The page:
PRATT – It’s human nature to want to “save” a wild animal that appears injured or abandoned. But aside from human health concerns and laws prohibiting possession of wildlife, the reality is the animal will have its best chance for survival if it’s left in the wild. Taking a young wild animal with the intention of “saving” it and keeping it as a pet isagainst state lawand strips the animal of its dignity and the opportunity to live wild. The other harsh reality is that most wild animals “rescued” by individuals don’t survive long after capture.
Only licensed wildlife rehabilitators can possess wild animals in Kansas because they require specialized care and may carry rabies or distemper. Wild animals commonly have fleas and ticks, which can transmit blood-borne diseases, and they carry bacteria, roundworms, tapeworms, mites and other protozoans that could infect humans and their pets.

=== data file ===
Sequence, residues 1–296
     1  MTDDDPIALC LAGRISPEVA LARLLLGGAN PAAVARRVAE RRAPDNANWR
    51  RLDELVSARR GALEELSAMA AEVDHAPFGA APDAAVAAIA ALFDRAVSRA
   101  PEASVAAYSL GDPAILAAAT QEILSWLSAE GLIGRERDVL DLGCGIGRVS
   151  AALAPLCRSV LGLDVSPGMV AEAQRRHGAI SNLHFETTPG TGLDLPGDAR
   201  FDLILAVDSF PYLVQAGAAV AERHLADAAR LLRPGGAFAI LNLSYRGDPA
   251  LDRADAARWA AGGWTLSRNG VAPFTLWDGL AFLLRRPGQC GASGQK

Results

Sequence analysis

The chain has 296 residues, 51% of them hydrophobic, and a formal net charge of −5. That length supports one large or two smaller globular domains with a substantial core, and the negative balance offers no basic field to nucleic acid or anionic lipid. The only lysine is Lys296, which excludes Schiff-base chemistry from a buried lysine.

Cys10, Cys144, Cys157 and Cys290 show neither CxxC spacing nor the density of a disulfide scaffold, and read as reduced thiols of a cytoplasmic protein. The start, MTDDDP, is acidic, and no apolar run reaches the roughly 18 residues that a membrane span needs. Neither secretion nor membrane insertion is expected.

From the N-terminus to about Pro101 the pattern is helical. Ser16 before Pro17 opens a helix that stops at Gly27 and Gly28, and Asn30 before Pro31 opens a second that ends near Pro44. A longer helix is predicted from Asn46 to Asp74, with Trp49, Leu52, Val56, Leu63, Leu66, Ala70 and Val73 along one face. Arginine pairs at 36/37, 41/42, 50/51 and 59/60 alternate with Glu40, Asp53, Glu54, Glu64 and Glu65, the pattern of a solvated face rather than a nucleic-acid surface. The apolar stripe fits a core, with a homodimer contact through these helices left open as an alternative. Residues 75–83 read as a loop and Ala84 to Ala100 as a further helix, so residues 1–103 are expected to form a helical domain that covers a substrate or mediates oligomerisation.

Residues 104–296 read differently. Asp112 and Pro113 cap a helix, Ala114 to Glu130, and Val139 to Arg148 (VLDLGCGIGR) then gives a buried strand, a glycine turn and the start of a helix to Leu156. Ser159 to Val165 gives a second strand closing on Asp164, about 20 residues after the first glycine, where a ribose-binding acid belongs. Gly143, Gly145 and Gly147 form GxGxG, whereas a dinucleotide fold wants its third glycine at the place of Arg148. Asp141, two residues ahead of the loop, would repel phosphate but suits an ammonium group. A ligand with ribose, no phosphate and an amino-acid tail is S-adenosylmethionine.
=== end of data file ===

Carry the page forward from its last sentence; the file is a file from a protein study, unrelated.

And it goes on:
Each spring, fawn deer are found and assumed abandoned. However, the fawns’ mothers are usually not far away, avoiding drawing attention from predators. If you come across a fawn hidden in the grass, enjoy the sight for a few seconds, then back away.
Storms may blow young birds out of their nests. If the young have feathers and can perch, place them back in a tree or shrub, away from cats or other pets. The parents will still care for them. And don’t worry, they’ll care for them even if you touch them. Birds have a very poor sense of smell and human touch won’t drive the parents away. If you find a nest with featherless nestlings, place it in a plastic bowl and back in the tree. This will be their best chance of survival.
Enjoy watching wildlife this spring, especially if you see youngsters. But make a pact to leave them alone. Let nature take its course and know they have the best chance of survival by staying wild.